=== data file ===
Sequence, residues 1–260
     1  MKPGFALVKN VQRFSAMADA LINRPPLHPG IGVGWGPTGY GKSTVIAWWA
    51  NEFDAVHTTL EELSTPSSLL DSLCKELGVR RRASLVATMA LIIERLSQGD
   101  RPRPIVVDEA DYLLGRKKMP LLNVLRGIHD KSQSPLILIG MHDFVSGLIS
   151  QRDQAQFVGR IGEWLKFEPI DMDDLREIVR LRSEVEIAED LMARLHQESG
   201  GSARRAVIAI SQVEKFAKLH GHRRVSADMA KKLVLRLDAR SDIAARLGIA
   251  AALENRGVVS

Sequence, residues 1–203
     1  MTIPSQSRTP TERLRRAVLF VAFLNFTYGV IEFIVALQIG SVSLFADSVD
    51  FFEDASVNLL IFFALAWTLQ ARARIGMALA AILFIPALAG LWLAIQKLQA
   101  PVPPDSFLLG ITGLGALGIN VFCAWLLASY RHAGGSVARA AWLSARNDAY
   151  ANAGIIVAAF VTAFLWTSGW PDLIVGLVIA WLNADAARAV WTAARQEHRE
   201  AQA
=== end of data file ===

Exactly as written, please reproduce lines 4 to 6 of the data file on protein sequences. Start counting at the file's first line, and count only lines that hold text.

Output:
   101  RPRPIVVDEA DYLLGRKKMP LLNVLRGIHD KSQSPLILIG MHDFVSGLIS
   151  QRDQAQFVGR IGEWLKFEPI DMDDLREIVR LRSEVEIAED LMARLHQESG
   201  GSARRAVIAI SQVEKFAKLH GHRRVSADMA KKLVLRLDAR SDIAARLGIA